Commander C.M. Hart read the Shipyard Commander’s notice to his Assistant Planning and Estimating Superintendents. USS NAUTILUS (SSN-571), the world’s first nuclear-powered submarine, was scheduled for an overnight stay in Boston Naval Shipyard. In 1955 recently completed NAUTILUS was engaged in special operations and the brief visit was solely to accommodate a group of famous civilian scientists. There was no uncertainty about the notice, “The officers and men in NAUTILUS are being taxed with extensive tests and trials. No shipyard officer will be permitted on board!”

Knowing that it was at least next to impossible, Commander Hart, one of the finest persons I ever met in or out of the Navy, wistfully added, “I wish I could get on board.”

I then had certain planning responsibilities for catchall work, e.g., manufacture of rope and chain and restoration of certain machinery including propellers. Mine was regarded as the least prestigious planning job. Other officers were concerned with the construction, conversion and overhaul of ships. But just weeks before, I was the only one who had received a telephone call from the Material Officer, Submarine Force, U.S. Atlantic Fleet (SubLant), “I want to thank you. If there is ever anything I can do for you, please do not hesitate to call.”

Months before NAUTILUS had sustained damage to a propeller. The one available spare was substituted and all attention was focused on resuming underway operations. Within a few weeks a casualty report advised that the recently installed propeller was damaged. As NAUTILUS was returning to New London there was a shocking discovery. No one in the forces afloat had arranged for repair of the previously damaged propeller! There was no ready-for-service replacement!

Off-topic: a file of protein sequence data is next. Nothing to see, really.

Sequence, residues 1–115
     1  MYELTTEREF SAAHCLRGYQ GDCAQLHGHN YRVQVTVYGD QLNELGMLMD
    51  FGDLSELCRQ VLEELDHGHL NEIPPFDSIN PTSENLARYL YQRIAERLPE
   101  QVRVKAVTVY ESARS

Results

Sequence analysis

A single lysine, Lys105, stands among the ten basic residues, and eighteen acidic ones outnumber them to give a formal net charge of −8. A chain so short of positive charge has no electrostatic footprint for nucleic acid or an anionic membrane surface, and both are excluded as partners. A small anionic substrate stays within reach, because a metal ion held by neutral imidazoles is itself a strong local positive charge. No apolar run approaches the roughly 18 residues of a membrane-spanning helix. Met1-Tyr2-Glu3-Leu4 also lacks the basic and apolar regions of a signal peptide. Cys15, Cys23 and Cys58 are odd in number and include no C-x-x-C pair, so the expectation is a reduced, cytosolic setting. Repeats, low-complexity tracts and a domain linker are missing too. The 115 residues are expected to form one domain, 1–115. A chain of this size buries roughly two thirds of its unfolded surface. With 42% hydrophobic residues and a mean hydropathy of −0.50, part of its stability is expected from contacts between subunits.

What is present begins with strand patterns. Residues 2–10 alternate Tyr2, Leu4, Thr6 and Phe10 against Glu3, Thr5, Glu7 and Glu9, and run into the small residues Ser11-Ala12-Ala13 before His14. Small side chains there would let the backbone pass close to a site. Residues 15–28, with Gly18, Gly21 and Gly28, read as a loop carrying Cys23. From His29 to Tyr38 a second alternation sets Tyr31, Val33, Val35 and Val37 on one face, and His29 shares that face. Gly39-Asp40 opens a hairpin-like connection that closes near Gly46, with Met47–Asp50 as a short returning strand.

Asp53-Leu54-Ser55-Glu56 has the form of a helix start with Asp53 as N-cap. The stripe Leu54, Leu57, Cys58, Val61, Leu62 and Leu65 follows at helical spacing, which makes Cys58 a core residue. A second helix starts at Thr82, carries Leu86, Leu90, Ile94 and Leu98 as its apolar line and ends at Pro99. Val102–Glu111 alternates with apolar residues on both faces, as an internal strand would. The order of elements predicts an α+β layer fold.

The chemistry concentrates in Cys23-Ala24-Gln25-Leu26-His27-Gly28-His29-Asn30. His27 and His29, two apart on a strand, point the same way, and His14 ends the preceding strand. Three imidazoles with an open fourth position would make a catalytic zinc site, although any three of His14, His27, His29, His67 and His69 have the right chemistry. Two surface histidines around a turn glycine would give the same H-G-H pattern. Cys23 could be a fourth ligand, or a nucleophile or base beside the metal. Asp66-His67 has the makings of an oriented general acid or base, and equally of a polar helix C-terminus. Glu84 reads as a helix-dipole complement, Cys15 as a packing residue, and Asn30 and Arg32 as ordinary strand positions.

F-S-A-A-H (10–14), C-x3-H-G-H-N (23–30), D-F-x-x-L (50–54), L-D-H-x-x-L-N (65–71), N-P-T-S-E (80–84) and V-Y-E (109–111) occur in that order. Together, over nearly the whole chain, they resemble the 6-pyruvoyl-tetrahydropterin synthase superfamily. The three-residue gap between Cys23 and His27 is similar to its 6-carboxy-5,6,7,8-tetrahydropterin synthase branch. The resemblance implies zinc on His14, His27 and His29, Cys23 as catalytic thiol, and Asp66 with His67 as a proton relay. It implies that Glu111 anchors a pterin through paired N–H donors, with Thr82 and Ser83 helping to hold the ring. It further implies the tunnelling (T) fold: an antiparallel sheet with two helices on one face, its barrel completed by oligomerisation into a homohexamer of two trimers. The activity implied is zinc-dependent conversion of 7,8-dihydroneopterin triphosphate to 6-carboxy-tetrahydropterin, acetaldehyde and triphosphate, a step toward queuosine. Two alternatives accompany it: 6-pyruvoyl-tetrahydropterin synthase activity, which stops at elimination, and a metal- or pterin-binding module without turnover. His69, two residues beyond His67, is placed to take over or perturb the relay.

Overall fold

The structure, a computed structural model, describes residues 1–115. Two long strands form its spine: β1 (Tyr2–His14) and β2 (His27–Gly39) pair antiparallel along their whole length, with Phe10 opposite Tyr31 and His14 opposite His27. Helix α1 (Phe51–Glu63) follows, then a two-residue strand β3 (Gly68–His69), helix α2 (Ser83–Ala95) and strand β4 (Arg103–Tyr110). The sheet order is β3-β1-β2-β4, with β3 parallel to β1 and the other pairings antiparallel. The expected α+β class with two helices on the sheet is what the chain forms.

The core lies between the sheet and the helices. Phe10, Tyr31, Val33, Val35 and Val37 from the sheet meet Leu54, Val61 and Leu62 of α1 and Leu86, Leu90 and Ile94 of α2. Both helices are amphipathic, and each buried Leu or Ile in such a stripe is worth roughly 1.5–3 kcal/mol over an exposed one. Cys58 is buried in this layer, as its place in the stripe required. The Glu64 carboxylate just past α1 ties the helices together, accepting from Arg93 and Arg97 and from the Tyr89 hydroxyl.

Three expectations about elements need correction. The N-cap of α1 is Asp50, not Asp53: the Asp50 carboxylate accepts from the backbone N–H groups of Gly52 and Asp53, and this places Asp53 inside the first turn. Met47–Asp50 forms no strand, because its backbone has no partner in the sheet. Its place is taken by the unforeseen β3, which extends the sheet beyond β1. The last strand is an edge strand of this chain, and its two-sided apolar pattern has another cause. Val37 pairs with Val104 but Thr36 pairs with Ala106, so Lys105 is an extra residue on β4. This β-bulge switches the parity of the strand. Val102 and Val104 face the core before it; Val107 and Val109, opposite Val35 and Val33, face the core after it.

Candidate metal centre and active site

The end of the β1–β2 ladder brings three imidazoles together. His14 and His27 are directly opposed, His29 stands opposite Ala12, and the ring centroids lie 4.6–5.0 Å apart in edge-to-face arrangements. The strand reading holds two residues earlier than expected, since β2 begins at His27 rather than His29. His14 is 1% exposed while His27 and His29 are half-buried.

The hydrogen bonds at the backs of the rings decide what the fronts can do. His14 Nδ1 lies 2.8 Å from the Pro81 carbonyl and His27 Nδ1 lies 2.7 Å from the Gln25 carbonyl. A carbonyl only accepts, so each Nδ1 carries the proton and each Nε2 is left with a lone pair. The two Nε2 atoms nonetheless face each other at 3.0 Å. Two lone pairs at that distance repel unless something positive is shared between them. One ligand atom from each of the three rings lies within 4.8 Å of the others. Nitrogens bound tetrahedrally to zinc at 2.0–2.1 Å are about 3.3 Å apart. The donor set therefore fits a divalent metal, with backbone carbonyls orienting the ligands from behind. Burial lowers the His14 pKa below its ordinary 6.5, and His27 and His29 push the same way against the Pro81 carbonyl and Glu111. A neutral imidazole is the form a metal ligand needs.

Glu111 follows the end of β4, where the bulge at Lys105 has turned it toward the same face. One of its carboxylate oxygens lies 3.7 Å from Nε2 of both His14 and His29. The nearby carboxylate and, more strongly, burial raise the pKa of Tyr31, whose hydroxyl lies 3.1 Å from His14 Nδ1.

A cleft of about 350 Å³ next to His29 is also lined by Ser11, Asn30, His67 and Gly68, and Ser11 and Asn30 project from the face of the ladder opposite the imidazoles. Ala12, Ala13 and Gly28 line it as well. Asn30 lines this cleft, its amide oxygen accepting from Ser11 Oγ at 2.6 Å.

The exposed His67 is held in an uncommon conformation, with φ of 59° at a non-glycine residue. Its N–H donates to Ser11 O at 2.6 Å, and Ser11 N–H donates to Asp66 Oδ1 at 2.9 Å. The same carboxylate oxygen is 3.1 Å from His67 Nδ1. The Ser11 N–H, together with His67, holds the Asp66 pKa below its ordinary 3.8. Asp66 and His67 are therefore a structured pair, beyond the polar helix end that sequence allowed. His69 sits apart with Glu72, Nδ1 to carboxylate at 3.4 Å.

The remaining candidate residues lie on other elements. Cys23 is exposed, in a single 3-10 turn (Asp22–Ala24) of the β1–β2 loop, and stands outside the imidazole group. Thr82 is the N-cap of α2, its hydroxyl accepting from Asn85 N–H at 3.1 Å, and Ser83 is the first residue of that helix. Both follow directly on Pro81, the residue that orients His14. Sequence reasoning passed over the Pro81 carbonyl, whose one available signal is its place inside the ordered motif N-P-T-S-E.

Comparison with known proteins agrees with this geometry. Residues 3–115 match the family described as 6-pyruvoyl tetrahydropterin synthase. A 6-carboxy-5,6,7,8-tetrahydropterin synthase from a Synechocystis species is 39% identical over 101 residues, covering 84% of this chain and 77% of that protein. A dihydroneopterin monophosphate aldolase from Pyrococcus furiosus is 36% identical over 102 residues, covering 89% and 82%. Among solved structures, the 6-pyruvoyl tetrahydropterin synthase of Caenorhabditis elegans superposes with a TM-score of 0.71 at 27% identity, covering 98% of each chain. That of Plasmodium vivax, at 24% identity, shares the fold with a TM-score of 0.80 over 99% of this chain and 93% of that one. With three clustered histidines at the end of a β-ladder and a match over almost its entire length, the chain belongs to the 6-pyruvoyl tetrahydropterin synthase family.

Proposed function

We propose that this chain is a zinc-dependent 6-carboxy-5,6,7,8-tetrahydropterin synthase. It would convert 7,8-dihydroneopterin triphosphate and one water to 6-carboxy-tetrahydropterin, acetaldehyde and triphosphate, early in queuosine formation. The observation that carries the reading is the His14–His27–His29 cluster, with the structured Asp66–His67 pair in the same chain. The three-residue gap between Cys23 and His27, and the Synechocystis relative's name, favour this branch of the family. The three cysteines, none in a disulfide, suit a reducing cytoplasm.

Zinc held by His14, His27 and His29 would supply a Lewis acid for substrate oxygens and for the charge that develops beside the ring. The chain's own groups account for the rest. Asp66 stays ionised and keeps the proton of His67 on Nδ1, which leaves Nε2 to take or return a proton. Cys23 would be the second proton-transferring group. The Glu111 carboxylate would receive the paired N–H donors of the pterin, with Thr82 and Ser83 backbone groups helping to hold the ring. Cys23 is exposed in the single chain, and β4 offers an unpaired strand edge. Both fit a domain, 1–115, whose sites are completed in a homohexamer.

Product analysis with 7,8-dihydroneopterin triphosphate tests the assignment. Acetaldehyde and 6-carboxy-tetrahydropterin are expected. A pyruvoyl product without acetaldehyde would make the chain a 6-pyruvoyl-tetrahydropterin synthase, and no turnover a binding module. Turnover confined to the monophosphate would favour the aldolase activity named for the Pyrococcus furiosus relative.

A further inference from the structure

An overwhelming sense of urgency accompanied a repair request. Subsequent events all but flew. I was the immediate contact for the Shipyard and was greatly relieved when the truck carrying the restored propeller arrived in New London just as NAUTILUS was being raised in a floating dry dock. The timing could not have been more dramatic.

Perhaps because I was delighted with my new-found prestige I didn’t let up. I arranged for the same truck to wait for removal of the damaged propeller. I maintained the same high priority to insure the propeller’s repair as soon as possible. No one in SubLant authorized the second repair effort and no one inquired about what I was doing. At least a week went by when, incredibly, NAUTILUS again reported the very same damage. When the panic button was hit I was able to advise that the recently removed propeller was already repaired and ready for service. It was then that the SubLant Material Officer contacted me in order to express his gratitude.


I telephoned in behalf of Commander Hart and myself. Per instructions we went to Pier 1 at 1700 on the appointed day. As we were admiring NAUTILUS from the pier, Commander Eugene P. Wilkinson, U.S. Navy, the first skipper of the world’s first nuclear submarine, appeared from below with the scientists. Each of the latter was carrying a souvenir packet of NAUTILUS photos and descriptions. When the last of the scientists disembarked, Commander Wilkenson called to us by our names, invited us on board, provided us with the same packets, and introduced us to the officer assigned to guide us through NAUTILUS.

It was a great day to be in the Navy.


Copyright © 2005 (text only) by Louis D. Chirillo

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